Gitai is a Japanese space startup company that is building robots to do work for the commercial space market. Yes, there is a market for that, apparently.
Space development is happening at the speed of…light
NASA plans to build a permanent presence on orbit at the Moon for research purposes and has the stated goal of reaching Mars. Private companies like SpaceX and Blue Origin are in a space race to build a colony on Mars. And there are numerous other efforts with ambitions in space, including creation of in-space habitats, launching satellites and even offering space flights off the Earth.
So, Gitai thinks there will be plenty of business for the general-purpose work robot they are building to perform tasks in space.
What kind of work is/will be available in space?
Gitai’s robots can do these things well:
- install hardware on satellites on-orbit;
- replace batteries to keep satellites operational; and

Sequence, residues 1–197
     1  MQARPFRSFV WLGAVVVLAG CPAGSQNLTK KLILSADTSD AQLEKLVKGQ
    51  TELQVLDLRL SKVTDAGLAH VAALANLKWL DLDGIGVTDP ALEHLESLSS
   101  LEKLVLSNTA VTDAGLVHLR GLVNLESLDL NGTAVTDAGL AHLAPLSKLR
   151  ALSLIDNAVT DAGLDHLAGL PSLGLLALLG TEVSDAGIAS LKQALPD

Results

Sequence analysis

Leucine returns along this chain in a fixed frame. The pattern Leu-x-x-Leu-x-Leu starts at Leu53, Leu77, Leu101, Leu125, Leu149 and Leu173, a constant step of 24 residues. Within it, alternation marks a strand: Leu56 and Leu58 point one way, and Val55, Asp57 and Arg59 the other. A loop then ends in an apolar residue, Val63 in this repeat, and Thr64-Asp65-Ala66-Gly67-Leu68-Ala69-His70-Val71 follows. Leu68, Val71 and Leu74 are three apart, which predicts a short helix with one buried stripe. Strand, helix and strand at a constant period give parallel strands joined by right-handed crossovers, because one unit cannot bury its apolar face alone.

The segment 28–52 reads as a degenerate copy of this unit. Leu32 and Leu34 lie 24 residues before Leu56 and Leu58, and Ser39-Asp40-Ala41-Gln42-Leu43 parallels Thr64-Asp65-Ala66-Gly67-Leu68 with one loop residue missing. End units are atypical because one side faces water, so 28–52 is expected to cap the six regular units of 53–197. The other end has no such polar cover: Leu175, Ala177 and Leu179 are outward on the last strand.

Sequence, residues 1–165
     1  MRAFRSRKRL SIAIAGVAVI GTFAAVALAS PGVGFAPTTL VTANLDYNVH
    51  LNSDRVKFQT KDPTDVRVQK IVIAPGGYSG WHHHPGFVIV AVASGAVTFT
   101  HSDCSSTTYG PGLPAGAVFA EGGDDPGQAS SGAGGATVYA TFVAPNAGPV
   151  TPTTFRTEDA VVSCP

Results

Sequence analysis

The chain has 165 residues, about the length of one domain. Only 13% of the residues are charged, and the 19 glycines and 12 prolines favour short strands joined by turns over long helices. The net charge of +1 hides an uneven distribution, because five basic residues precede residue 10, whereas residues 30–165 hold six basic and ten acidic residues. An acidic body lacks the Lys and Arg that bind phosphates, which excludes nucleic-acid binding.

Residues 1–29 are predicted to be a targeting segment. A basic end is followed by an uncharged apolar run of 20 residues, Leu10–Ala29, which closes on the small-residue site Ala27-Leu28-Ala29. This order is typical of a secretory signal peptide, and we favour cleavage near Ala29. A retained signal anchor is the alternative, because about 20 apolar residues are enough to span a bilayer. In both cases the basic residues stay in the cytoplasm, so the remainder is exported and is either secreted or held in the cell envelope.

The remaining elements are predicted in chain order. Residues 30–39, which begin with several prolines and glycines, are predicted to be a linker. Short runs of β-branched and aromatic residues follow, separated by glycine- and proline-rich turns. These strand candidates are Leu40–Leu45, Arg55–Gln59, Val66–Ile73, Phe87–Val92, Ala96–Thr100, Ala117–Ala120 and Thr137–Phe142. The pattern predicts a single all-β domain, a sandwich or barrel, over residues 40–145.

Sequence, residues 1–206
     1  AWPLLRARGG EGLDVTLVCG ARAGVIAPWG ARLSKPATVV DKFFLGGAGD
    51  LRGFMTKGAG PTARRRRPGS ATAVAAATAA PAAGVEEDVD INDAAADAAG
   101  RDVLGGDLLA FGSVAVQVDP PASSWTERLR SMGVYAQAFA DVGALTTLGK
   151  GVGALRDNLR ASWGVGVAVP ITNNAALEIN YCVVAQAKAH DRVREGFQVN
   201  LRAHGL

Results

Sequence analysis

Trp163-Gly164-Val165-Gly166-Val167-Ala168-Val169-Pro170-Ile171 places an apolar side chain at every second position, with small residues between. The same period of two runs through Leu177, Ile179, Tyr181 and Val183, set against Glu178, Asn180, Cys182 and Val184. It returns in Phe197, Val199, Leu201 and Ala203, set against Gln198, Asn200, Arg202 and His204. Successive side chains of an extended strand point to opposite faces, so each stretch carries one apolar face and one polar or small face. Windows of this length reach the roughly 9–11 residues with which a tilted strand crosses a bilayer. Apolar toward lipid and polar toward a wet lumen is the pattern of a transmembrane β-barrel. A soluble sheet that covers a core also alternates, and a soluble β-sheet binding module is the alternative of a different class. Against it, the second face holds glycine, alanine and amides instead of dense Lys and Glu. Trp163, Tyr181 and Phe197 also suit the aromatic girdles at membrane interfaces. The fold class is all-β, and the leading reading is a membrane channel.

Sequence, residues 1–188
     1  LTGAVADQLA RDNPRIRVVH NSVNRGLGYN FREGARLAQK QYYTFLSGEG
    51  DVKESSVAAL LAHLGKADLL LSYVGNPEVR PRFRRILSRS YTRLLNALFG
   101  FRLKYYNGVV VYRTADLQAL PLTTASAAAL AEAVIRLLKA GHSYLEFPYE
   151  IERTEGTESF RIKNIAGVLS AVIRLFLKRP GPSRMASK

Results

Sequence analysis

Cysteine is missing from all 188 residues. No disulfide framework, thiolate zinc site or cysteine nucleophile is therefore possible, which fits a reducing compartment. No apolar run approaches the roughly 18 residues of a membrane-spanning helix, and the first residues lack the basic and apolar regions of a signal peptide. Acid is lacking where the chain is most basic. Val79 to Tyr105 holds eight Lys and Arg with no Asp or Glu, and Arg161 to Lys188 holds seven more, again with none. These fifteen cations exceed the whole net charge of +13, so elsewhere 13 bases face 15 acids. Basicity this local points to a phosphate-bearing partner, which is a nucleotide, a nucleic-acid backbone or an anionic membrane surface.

- repair satellites if they break down.
But they can also do things inside a space station like operating a control panel and replacing cables.
In addition, the general-purpose robots could work on the following tasks:
- IVA and EVA (Extra-Vehicular Activity) tasks on space stations;
- Docking, mission extension, repair, and maintenance work for on-orbit servicing (life extension to satellite / space debris removal); and
- Various tasks for lunar exploration and lunar base construction.
Expanding in the U.S.
- Gitai founder and CEO Sho Nakanose: “So we would like to get missions from U.S. commercial space companies, as a subcontractor first. We’re especially interested in on-orbit servicing, and we would like to provide general-purpose robotic solutions for an orbital service provider in the U.S.”
Gitai recently completed a $17.1 million Series B financing led by SPARX Innovation for the Future Co. Ltd.